I feared the worst as I meandered my way towards Bangor. Reports were that this small town south of Oroville was the latest casualty in the horrifying wildfires that have ravaged our state.
The scorched earth, burned cars and more than 30 homes reduced to rubble were indescribably sad, perhaps the worst natural disaster to hit the community of about 650 since it began in the 1850s. However, there was something positive in the midst of the ruin – the resolve of community members that they would band together and persevere.
“The community has really come together,” remarked Hunter Rich, whose family has owned and operated the Bangor Grocery since 1959. “Everyone here has been providing clothes, water and food for the people who lost their houses.”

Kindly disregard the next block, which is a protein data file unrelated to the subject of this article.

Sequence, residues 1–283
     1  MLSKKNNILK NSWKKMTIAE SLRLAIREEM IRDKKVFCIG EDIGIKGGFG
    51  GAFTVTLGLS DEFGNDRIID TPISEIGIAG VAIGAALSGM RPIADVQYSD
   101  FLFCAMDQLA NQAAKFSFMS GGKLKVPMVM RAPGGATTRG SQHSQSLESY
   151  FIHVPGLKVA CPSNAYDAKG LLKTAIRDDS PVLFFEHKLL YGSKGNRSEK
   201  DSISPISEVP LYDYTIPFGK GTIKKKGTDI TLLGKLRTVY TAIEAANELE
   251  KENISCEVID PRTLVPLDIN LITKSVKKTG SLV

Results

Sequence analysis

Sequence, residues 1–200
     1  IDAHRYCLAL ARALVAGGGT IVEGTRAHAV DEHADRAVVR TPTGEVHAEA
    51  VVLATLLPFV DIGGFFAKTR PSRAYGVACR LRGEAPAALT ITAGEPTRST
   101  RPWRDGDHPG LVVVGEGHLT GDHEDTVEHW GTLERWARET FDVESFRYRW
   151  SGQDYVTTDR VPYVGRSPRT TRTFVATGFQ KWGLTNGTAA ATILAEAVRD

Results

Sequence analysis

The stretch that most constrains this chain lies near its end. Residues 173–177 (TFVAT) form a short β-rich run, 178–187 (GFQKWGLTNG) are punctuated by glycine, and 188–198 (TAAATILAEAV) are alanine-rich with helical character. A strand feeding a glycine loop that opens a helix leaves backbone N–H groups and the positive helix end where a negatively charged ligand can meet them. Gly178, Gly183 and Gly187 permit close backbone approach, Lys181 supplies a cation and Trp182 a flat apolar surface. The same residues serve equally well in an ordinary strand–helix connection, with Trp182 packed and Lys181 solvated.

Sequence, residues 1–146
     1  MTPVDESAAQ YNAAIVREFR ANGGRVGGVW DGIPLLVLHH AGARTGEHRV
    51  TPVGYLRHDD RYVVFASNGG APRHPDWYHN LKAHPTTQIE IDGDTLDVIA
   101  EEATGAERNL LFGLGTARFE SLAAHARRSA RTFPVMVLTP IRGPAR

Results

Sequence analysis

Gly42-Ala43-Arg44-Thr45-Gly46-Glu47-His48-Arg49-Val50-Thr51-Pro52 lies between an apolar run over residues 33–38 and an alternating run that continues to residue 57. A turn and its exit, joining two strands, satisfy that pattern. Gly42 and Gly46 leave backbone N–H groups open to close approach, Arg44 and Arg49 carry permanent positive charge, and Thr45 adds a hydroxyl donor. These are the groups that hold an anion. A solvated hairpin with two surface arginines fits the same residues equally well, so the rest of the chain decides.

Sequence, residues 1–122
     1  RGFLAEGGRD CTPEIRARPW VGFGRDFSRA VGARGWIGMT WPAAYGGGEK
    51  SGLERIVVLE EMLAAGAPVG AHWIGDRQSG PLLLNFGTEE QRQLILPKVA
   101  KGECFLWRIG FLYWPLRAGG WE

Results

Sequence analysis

The grocery store survived the fire, but the Rich’s home across the street was totaled.
A few blocks away, Bangor Community Church remained loaded with donated items for community members. It was a welcome sight for Charity Graber and her family. Charity says the late-night wildlife could have taken an even greater toll, had it not been for the actions of many in Bangor who knocked on doors to alert those asleep of the imminent threat.
No doubt it will be a tough road ahead for the town of Bangor, but Hunter tells me he’s optimistic the community will successfully rebuild.
“We are really tightly knit,” he said. “We’re strong people. We’ll get through this.”